View of the church from the south-west


St Luke

Nottingham Archdeaconry

East Bingham Deanery


St Luke’s Church was built by the Earl of Gainsborough in 1792-93 to replace the demolished medieval church of St Wilfrid’s.

Built in red brick the church consists of a chancel, nave, west porch and three stage tower 20 m high containing a clock and 12 bells. The entrance is under the tower. The roof is very low-pitched. There are four round-arched louvered bell openings in the tower, classical moulded eaves, cornice and a weathervane.

On each side of the nave are three round-arched window openings with raised cills, key stones and plain leaded lights. The middle window on the north side of the nave is blind. There are three similar windows in the chancel, one at the east end with more decorative glass, and a blind window on each side. Part way up the tower is a similar west window. There is an impost band to this which continues around the tower and becomes an eaves band to the nave.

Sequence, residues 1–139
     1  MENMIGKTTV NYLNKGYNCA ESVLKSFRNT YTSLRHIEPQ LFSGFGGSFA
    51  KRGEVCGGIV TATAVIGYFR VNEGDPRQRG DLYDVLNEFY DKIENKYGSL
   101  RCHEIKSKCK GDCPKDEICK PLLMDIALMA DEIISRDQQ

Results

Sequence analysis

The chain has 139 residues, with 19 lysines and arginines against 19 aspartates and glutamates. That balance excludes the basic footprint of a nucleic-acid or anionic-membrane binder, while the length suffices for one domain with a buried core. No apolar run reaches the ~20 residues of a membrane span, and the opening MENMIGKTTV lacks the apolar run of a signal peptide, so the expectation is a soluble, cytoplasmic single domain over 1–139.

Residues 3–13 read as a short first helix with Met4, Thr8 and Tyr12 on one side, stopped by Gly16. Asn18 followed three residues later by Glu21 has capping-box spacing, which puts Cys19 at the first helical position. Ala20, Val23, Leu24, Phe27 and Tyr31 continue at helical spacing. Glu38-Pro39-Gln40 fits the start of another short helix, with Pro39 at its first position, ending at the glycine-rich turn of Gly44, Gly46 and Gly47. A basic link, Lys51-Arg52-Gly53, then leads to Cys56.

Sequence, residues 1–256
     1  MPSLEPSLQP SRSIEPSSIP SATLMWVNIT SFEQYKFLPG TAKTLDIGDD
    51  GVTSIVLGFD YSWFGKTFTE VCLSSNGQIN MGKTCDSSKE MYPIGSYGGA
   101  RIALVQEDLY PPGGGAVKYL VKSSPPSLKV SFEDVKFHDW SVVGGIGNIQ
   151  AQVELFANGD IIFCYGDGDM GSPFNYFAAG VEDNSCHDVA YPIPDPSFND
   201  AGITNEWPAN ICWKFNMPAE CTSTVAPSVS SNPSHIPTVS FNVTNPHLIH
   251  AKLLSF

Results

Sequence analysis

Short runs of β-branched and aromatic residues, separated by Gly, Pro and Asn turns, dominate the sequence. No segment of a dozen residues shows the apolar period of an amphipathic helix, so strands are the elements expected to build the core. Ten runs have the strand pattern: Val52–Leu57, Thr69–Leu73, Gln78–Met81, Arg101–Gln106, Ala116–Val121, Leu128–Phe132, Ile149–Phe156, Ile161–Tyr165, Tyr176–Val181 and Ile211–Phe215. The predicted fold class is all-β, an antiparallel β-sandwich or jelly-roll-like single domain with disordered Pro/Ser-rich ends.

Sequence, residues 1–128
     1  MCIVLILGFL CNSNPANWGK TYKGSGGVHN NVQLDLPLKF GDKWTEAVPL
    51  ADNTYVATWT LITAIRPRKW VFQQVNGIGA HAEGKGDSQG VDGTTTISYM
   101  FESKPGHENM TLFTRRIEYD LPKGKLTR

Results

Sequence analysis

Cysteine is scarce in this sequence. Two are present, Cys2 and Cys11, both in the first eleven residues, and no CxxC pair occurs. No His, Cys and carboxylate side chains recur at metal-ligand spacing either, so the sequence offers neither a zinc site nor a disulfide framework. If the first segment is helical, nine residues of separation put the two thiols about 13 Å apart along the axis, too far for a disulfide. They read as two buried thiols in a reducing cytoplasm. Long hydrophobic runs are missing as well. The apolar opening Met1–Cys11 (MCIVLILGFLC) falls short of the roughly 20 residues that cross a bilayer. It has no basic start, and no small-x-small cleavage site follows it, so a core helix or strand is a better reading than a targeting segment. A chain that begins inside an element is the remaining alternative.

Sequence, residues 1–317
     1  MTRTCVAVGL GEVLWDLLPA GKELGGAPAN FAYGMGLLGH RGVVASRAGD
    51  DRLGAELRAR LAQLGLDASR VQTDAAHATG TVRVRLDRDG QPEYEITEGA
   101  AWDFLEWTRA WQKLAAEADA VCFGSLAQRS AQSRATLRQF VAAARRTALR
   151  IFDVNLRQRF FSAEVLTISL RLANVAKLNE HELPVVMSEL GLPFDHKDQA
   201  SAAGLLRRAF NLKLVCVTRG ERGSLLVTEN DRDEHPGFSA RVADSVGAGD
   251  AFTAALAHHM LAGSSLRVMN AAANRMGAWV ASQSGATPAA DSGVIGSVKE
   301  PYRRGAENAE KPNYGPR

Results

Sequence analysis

Pevsner described the chancel as ‘nicely, domestically panelled’. Cox, however, dismissed the building as 'mean and depressing.'

The pulpit is of mahogany.

The original box pews were replaced with open seats in 1856.

Particular thanks to Jo Perrett, Andy Nicholson and Robert Jones for research on this entry
and to Geoff Buxton and Dr Chris Brooke for the photographs